Quantifying the Relationship Between the Medial Quadriceps Tendon–Femoral Ligament and Patellar Borders: A Pediatric Cadaveric Study

Danika Baskar, Tyler J. Stavinoha, Mark Sanchez, Anshal Gupta, Sahej D. Randhawa, Matthew S. Rohde, Brian Vuong, Marc A. Tompkins, Theodore J. Ganley, Henry B. Ellis, Philip L. Wilson, Peter D. Fabricant, Curtis VandenBerg, Daniel W. Green, Nicole A. Segovia, Kevin G. Shea

Research output: Contribution to journalArticlepeer-review

Abstract

Background: The medial patellofemoral complex (MPFC) is a structure composed of the medial quadriceps tendon–femoral ligament (MQTFL) superiorly and the medial patellofemoral ligament (MPFL) inferiorly. The pediatric MPFL anatomy has been well described, but the precise anatomy of the MQTFL has only recently been described and studied in skeletally immature patients. Purpose: To describe the anatomic relationship between the MQTFL and its insertion on the quadriceps tendon and patella in pediatric specimens. Study Design: Descriptive laboratory study. Methods: A total of 22 pediatric cadaveric knee specimens were dissected to analyze attachment of the MQTFL to the quadriceps tendon and patella. Dissection was facilitated using lateral parapatellar arthrotomy followed by eversion of the extensor mechanism to evaluate MQTFL fibers from its undersurface. Results: The mean specimen age was 7.4 years. Specimens were divided based on age into a younger cohort (1-2 years), middle cohort (4-8 years), and older cohort (9-12 years). The quadriceps tendon attachment (QTA) of the MQTFL proximal to the patella extended a median of 5.0 mm in the younger cohort, 11.4 mm in the middle cohort, and 12.0 mm in the older cohort, with significant differences found between the younger and middle cohorts (P <.047) and the younger and older cohorts (P <.001). The QTA as a percentage of patellar articular height averaged 44.4% across all specimens. The vertical height of the patella measured a median of 14.0 mm, 22.3 mm, and 27.3 mm in the younger, middle, and older cohorts, respectively. Conclusion: This study expands on the recently described anatomy of the pediatric MPFC to quantify the anatomic relationship between the MQTFL attachment to the quadriceps tendon and patella in a more clinically relevant cohort of donor specimens. Clinical Relevance: As access to pediatric cadaveric tissue is extremely limited, a better understanding of MPFC and MQTFL anatomy will support surgeons in preoperative planning and intraoperative considerations for their approach to MQTFL and MPFL reconstruction. This may facilitate improved anatomic surgical stabilization of the patellofemoral joint in pediatric patients.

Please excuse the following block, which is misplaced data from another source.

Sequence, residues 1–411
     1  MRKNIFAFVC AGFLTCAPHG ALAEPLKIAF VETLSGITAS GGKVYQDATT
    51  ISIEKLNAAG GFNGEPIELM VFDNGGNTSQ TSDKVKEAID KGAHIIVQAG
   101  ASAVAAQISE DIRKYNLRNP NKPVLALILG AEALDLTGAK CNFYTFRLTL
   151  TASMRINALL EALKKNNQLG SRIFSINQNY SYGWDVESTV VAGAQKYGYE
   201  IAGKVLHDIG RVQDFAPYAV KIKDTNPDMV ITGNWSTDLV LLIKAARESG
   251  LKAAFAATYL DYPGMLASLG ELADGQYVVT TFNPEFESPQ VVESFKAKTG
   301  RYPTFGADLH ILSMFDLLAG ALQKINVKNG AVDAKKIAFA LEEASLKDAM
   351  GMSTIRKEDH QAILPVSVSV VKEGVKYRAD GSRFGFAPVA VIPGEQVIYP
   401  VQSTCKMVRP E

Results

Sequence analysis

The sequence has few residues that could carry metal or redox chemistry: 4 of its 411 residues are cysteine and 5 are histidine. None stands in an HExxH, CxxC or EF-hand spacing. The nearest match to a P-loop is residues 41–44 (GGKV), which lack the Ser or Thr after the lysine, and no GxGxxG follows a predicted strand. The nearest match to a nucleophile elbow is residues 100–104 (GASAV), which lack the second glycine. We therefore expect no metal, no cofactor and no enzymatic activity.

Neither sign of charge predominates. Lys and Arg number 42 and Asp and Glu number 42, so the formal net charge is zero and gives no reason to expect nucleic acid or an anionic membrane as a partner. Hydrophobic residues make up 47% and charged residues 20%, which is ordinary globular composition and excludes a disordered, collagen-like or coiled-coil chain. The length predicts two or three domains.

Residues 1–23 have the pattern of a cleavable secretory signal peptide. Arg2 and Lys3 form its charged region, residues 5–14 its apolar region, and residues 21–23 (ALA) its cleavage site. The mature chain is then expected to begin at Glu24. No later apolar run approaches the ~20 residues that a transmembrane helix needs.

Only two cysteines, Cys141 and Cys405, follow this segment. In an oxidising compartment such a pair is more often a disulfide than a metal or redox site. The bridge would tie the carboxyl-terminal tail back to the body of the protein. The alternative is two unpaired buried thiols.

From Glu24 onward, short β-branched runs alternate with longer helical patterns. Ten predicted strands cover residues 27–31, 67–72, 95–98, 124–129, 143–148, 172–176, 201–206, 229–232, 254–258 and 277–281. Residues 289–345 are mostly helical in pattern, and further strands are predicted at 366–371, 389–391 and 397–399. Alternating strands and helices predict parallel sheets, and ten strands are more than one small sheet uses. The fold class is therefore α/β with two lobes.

Original languageEnglish (US)
Pages (from-to)2433-2438
Number of pages6
JournalAmerican Journal of Sports Medicine
Volume50
Issue number9
DOIs
StatePublished - Jul 2022
Externally publishedYes

Keywords

  • cadaveric specimen
  • knee anatomy
  • medial patellofemoral ligament (MPFL)
  • medial quadriceps tendon–femoral ligament (MQTFL)
  • MPFL reconstruction
  • patella
  • pediatric sports medicine
  • skeletally immature

ASJC Scopus subject areas

  • Orthopedics and Sports Medicine
  • Physical Therapy, Sports Therapy and Rehabilitation

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